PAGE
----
However, although a very stong, rugged design, they weren't particularly powerful. Generating only 0.5 watts of power and operating on the UHF band between 450-470MHz, you'd be lucky to achieve a reach of one mile - particularly in London! Nevertheless the same basic spec is still in use today. (Many thanks to Mike Burgess for pic and info!)


In the first season, Lewis and Martin wore what appears to be an Ollech & Wajs Caribbean 1000, a highly desirable military watch in the 70s (and much sought after by collectors today!) It was capable of hitting depths of 1000m (in comparison the Rolex Submariner of the time could only manage 200m) and had a unique feature that allowed the owner to easily replace the glass should it suffer damage in "battle". The model seen here features a different bracelet to the stainless steel one worn by both actors.

From the second season, Lewis wore Porsche Design's "PO11" chronograph wristwatch, as pictured here. (There is also a "Military" variant, which had the numerals 1 to 12 around the bezel instead.) A very popular timepiece (for those that could afford it!), also worn by Lew in Who Dares Wins and Chuck Norris & Lee Marvin in Delta Force. Martin wore a variant on the PO11 made by Orfina which although looks extremely similar, has the three small dials rearranged. In fact Martin and Lewis both appear to have kept their watches for several years after The Professionals finished. A super-tough design but the black anodised coating tends to peel off quite readily. Eterna reissued the Porsche variant as a 25th Anniversary Limited Edition (1,998) in 1998. The asking price? A mere 1200GBP!! To be honest they are outrageously overpriced! (Thanks to Stan Hendricks)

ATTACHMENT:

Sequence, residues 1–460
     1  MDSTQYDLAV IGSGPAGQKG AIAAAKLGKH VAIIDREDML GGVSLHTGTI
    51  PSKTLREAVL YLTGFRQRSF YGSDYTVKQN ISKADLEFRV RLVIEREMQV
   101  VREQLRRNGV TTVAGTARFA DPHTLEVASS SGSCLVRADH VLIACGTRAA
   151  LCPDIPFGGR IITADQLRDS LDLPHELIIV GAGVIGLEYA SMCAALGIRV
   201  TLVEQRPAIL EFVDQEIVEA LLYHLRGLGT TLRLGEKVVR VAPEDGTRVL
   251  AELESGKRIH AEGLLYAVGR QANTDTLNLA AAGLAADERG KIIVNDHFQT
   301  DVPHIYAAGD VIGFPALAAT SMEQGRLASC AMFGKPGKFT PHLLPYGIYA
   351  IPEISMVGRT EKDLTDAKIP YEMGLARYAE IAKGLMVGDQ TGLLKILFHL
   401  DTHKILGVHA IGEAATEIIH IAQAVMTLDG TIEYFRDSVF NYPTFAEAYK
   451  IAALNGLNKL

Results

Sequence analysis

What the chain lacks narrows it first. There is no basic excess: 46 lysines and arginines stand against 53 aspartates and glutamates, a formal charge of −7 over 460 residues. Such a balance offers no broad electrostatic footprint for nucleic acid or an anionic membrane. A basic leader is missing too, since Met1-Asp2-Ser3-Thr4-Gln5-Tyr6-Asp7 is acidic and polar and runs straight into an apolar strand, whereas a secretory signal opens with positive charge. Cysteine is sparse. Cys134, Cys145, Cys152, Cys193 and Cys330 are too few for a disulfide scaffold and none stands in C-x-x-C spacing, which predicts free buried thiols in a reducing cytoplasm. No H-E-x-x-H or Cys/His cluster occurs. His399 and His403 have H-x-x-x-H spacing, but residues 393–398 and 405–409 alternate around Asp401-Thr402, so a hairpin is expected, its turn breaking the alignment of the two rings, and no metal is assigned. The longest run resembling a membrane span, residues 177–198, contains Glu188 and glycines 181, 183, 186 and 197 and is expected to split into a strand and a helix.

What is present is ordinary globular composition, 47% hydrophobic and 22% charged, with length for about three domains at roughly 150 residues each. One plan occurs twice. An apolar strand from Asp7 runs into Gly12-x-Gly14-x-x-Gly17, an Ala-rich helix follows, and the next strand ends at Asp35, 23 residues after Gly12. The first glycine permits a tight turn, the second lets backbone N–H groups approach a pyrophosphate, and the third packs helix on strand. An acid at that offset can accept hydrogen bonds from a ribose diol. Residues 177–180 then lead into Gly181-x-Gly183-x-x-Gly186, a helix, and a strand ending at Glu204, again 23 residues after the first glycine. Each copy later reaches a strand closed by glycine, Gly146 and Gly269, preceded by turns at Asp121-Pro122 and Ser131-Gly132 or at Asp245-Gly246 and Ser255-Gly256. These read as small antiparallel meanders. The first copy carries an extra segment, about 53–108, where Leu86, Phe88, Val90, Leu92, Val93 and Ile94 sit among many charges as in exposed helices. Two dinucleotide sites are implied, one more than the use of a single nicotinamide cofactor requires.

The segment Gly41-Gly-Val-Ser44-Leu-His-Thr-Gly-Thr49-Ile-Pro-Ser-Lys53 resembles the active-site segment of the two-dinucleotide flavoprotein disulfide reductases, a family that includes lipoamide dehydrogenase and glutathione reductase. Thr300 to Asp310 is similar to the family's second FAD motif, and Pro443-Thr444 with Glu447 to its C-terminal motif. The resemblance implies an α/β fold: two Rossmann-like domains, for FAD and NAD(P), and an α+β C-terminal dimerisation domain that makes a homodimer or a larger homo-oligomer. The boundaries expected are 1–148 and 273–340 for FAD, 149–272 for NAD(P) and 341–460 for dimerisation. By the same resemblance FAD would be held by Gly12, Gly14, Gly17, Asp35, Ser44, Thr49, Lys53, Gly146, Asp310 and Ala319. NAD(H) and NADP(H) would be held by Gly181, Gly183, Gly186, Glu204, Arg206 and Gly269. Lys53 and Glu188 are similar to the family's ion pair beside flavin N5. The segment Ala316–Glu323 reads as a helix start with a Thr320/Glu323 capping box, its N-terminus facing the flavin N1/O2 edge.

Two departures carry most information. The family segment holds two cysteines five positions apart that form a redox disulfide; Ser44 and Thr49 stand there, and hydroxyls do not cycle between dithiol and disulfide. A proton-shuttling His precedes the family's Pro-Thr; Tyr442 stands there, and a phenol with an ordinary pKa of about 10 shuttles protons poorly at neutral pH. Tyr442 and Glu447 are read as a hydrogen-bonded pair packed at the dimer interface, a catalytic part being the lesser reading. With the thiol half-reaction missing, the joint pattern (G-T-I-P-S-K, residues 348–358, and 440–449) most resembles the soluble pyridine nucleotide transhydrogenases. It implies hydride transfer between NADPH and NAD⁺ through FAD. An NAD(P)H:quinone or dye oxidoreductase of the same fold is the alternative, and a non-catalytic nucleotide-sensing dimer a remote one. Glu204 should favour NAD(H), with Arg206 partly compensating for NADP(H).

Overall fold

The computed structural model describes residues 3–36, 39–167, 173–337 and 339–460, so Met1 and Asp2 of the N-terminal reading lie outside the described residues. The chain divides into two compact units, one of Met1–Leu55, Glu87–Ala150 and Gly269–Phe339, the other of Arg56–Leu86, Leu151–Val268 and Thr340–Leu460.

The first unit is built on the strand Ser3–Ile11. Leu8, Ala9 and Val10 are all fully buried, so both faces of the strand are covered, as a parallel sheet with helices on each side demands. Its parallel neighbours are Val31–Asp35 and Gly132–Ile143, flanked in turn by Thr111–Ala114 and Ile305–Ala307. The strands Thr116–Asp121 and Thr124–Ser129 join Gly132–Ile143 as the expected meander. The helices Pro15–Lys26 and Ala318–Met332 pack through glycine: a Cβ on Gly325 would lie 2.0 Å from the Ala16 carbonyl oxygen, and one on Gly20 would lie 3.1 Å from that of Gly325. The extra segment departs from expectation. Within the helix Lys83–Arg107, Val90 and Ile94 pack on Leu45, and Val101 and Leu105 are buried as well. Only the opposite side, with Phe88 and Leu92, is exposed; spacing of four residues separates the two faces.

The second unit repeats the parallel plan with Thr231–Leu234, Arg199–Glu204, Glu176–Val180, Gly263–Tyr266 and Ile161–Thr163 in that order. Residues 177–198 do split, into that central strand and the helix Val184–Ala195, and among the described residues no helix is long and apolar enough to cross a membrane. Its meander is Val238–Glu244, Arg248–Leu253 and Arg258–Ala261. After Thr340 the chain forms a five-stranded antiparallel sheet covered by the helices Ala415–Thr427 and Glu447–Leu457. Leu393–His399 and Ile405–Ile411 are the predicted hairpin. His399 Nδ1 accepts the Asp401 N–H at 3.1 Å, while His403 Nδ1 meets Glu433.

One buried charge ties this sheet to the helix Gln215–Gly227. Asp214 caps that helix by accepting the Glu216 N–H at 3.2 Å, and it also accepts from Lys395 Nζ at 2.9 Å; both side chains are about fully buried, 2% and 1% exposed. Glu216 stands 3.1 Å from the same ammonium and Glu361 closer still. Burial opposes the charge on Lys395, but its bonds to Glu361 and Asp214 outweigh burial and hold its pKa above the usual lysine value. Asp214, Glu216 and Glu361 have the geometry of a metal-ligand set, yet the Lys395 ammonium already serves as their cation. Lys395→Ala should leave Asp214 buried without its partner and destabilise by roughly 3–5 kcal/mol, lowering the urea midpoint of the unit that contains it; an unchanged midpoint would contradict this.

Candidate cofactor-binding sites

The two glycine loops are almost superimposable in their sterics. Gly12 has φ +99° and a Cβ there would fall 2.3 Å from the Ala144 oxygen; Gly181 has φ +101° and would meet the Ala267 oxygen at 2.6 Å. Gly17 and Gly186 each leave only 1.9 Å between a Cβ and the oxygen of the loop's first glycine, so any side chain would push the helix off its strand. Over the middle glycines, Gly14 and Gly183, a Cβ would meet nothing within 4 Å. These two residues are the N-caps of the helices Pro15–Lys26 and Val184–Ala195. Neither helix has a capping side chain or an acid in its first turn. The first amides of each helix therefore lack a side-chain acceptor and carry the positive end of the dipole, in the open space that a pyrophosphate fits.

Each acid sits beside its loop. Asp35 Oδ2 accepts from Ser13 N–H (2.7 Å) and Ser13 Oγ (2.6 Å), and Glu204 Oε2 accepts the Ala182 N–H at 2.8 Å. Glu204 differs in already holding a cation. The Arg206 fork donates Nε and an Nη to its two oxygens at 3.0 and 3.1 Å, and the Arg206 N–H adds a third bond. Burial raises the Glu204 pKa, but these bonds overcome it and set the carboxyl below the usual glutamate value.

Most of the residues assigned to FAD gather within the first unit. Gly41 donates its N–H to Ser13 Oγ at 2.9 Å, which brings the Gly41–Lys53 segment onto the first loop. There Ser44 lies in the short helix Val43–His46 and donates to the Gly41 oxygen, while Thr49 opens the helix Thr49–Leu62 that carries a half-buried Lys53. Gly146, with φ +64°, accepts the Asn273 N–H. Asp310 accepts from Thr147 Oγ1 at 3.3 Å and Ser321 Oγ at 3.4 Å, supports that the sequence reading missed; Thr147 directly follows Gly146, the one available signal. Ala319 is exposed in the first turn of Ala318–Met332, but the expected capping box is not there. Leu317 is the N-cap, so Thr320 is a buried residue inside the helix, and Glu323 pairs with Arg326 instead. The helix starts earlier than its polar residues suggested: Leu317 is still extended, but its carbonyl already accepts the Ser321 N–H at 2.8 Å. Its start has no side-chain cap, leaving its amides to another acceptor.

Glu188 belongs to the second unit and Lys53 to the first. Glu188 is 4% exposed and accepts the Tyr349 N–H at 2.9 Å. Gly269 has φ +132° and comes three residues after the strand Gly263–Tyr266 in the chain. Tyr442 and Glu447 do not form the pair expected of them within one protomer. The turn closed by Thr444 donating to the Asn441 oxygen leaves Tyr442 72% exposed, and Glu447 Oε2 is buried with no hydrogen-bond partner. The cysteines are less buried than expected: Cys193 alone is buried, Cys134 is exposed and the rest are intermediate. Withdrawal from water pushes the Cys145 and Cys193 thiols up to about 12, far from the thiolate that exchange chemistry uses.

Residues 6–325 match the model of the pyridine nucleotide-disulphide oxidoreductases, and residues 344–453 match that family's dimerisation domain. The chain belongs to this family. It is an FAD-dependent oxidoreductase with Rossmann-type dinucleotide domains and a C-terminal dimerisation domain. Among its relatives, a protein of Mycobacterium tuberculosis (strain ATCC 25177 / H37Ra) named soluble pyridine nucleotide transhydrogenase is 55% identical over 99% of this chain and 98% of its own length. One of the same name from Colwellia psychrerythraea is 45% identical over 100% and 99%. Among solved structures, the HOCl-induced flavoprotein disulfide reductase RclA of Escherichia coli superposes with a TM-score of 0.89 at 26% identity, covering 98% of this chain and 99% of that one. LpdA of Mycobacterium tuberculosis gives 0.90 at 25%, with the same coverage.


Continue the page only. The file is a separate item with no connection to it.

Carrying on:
Throughout the series Gordon wore a Longines manual with second hand and date indication – very similar to the one pictured here. (Credit: James Harris)

The watch that Bodie prizes so highly in 'Blackout' was a Heuer Manhattan - very similar to the one shown here.